Following terrorist-linked attacks in France and the United States in less than a month, understanding the motives behind terrorism is as relevant as ever.
Thomas Piketty, whose book, “Capital in the 21st Century,” made him into what the New York Times called an “overnight intellectual sensation," has weighed in on the debate. He published an essay last week arguing that economic inequality causes terrorism and reopened an ongoing debate about the root causes of terrorism.
Many have been quick to criticize Piketty’s essay, pointing out that millions of people live in poverty and in economies with dramatic inequality and yet very few become terrorists. Still others, including many politicians, see merit in Piketty's position.
The French intellectual wrote that “it is obvious that terrorism feeds on the Middle Eastern powder keg of inequality we have largely contributed to create.” He argued the entire political and social system of the Middle East has been weakened by the region being "the most unequal region (on) the planet,” with 60 to 70 percent of regional GDP controlled by “barely 10 percent of the population." He went on to say that the inequality has largely risen out of mismanaged conflicts between the West and the Middle East.
Piketty concludes that to fight terrorism, Western governments should demonstrate that their interest in the “social development and political integration of the region” is greater than their financial and business relationships with the ruling families.
His essay set off a back and forth in a debate that actually goes back decades. Presidents from Bill Clinton to Barrack Obama have linked poverty to terrorism. In a speech six months after the 9/11 terrorist attacks, former President George W. Bush linked poverty and terrorism, saying, “We fight against poverty because hope is an answer to terror.”
Three months after Bush’s statement, Alan Krueger and Jitka Maleckova released a now frequently cited paper in the New Republic concluding there was little evidence indicating a reduction in poverty would equal a reduction in terrorism. They argued that terrorism is a violent form of political engagement and “people from privileged backgrounds are more likely to participate in politics.”
Many academic studies have come to similar conclusions. A 2006 study found that poor countries did not produce more terrorists than rich countries. A 2009 report from the RAND Corporation commissioned by the Department of Defense said “terrorists are not particularly impoverished, uneducated, or afflicted by mental disease.” The RAND report goes on the say that “terrorist leaders actually tend to come from relatively privileged backgrounds.”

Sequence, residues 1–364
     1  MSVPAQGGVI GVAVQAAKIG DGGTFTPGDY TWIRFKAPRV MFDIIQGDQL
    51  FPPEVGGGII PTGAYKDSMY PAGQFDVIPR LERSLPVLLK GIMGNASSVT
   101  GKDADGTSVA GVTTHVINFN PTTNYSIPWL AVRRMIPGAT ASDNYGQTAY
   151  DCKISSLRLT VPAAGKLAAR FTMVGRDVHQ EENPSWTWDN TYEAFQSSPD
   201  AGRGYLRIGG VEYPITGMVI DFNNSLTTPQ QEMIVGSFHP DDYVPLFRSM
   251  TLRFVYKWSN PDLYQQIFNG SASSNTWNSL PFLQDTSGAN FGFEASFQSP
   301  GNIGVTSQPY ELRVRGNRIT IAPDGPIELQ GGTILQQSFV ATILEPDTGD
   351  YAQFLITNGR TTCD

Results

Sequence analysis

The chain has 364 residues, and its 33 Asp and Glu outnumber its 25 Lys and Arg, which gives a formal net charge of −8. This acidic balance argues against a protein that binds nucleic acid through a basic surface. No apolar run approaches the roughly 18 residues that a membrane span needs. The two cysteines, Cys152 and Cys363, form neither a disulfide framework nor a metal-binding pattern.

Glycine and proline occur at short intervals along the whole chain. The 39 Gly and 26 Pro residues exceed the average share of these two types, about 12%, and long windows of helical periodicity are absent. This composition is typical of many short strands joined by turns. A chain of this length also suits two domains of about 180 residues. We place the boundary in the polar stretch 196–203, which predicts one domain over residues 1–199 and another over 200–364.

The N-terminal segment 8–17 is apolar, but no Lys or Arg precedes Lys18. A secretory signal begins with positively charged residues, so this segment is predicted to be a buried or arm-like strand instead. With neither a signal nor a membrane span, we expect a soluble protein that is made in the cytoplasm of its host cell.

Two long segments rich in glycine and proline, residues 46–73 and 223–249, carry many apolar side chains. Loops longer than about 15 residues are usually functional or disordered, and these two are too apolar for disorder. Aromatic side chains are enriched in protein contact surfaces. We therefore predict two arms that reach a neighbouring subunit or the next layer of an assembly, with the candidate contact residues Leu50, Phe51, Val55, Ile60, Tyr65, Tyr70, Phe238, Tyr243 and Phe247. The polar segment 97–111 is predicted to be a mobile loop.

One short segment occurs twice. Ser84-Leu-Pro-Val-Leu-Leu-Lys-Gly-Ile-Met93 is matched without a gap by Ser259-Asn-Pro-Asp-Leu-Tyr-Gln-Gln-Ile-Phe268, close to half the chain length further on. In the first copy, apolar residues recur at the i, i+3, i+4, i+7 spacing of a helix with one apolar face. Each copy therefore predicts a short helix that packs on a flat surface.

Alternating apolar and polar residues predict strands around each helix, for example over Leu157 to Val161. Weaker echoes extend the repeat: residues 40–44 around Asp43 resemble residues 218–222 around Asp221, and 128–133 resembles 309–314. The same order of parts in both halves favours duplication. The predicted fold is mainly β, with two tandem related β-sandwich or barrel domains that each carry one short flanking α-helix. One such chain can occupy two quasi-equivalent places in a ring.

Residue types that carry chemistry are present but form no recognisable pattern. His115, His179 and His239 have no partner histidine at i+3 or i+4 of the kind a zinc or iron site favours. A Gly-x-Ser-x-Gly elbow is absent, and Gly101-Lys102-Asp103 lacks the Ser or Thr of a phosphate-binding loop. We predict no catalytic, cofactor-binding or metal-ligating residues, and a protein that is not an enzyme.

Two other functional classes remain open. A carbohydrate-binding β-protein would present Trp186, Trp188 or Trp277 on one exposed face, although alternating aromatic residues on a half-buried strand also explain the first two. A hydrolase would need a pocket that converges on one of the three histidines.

Obama was actually more nuanced in making the connection. “There are millions of people — billions of people — in the world who live in abject poverty and are focused on what they can do to build up their own lives, and never embrace violent ideologies” he said earlier this year. “What’s true, though,” he added, is that when people “are impoverished and have no hope for the future the risk of instability and extremism grows.”
Though there is little causal evidence between poverty and terrorism, some studies have found a correlation between the two. One 2011 study found a positive relationship between unemployment and extremist crime in Germany. An older study from the 1970s found exceptions to the idea that terrorists generally come from middle or upper class backgrounds.
Earlier this year in Time magazine, David Sterman, a researcher at New America’s International Security Program, argued that despite the evidence against poverty as a motive for terrorism, it shouldn’t be dismissed too quickly.
“One size will never fit all," he wrote. "Searching for single-category, causal explanations for terrorism and dismissing correlated elements like poverty and mental illness as irrelevant is likely to obscure other patterns that could shed light on extremist behavior.”